Tuesday, June 26, 2007
On Monday, June 25, in the Noahide class Alexey, Brigitte, Peter, and Michael attended, and we welcomed back Adam (Okeinko).
We discussed the concept of humility on many levels:
1. Not showing off one's talents and virtues to others, and even making an effort to hide these talents, unless circumstances necessitate revealing these qualities.
2. Feeling humble despite one's talents, out of an awareness of one's shortcomings.
3. Feeling humble out of awareness that one's talents are only a gift from Above, like an inheritance; it is thus illogical to pride oneself on them.
4. Just as it is necessary to know one's faults so they can be corrected, so should one know one's good qualities, so one can use them to the maximum to benefit society and thus realise the purpose for which these talents were granted to the person. The thought that one has wasted or even not maximised one's talents can evoke a feeling of humility.
4. Feeling humble out of awareness that if another person had been granted my talents and upbringing, he might well have exerted more effort than I, and accomplished much more.
5. Feeling that one is no different from a lowly criminal by thinking, "For him to overcome his temptations and pull himself out of his immoral lifestyle, he would need to exert tremendous effort. If I am not exerting the same amount of effort to do what the Creator demands of me--good deeds--then in a sense, I am no better than him!"
6. Feeling even lower than a lowly criminal by thinking, "His unworthy natural character traits and poor upbringing mean that he has little appreciation of the need to live decently. Hence it is more understandable that he fails to exert the tremendous effort necessary to pull himself out of his degenerate lifestyle. I, on the other hand, know very well the value of good deeds. Thus, if I fail to exert myself with tremendous effort to perform good deeds, I am even worse than him!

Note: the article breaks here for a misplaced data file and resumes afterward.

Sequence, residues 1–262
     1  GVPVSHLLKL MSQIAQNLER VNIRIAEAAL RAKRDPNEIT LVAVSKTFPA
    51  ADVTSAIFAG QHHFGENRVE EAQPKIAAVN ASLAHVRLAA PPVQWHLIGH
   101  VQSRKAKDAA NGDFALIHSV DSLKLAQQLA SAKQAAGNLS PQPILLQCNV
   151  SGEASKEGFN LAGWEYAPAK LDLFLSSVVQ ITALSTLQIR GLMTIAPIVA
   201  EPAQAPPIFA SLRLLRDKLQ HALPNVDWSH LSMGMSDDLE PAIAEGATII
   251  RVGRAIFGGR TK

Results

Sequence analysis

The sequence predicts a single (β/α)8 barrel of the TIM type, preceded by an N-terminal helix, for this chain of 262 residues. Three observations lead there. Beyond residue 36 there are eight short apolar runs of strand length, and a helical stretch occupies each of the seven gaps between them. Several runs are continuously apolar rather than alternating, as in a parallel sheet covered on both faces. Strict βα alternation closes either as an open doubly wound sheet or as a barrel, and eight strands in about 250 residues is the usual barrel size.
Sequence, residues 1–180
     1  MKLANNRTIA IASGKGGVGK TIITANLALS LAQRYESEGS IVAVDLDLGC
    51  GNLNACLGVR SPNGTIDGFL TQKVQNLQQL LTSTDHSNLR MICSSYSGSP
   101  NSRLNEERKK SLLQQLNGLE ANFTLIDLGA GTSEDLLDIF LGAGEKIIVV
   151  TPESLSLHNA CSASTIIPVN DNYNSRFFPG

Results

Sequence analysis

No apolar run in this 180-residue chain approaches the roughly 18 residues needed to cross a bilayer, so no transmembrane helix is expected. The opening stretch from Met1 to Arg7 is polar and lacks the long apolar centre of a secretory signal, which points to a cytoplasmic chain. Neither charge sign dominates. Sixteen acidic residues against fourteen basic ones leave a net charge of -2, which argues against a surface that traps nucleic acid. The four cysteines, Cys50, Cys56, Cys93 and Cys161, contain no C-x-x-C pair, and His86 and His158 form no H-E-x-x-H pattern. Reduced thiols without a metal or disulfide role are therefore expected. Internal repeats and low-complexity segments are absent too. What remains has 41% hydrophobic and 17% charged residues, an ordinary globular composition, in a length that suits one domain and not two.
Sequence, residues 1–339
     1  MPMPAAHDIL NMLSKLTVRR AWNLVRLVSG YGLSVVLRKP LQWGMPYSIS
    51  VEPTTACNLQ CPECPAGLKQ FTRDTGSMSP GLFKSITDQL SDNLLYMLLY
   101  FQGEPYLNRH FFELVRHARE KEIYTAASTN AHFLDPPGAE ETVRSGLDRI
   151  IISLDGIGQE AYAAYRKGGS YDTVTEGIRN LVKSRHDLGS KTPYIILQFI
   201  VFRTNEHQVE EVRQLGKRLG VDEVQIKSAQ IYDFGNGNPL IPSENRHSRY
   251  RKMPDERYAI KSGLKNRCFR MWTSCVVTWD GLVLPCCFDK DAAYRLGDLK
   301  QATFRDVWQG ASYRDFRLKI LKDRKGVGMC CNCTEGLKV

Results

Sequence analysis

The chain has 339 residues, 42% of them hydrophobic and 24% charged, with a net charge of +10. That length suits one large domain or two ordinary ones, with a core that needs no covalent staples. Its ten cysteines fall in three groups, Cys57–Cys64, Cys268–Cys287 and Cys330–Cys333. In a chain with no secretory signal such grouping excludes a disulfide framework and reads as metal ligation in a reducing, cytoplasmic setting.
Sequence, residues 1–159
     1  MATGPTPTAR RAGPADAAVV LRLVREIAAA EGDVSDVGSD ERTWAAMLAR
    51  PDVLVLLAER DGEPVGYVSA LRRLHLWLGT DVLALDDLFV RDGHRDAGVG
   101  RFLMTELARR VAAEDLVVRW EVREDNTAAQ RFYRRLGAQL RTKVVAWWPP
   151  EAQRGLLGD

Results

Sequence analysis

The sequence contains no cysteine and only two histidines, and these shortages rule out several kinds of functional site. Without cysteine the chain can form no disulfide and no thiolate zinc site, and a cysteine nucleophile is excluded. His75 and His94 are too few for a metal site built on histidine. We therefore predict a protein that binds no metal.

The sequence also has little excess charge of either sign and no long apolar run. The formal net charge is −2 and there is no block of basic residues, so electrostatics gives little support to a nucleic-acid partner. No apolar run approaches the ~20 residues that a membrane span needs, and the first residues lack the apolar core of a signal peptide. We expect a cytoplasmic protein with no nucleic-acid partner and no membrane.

Chassidic philosophy, however, elevates the concept of humility into another league altogether. This is related to the concept of divine unity, which is expressed in the verse, "Hear O Israel, G-d is our L-rd, G-d is One." (Deut., 6:4) This is commonly understood to indicate that there is no deity other than Hashem (G-d). However, according to the emphasis of the Ba'al Shem Tov, founder of Chassidic philosophy, not only is Hashem the only deity, He is also the only true Existence in the universe, the only true reality. This is the implication of the verse, "There is nothing else (other than Him)." (ibid., 4:35)
Thus, our perception of ourselves and the world around us as forces independent of G-d is in fact incorrect. The awareness that our very sense of existence is a contradiction to the true divine reality can bring us to a sense of humility on a level far deeper than any of the levels described above, for they all relate only to preventing arrogance from one's talents, and take for granted the person's basic sense of his existence.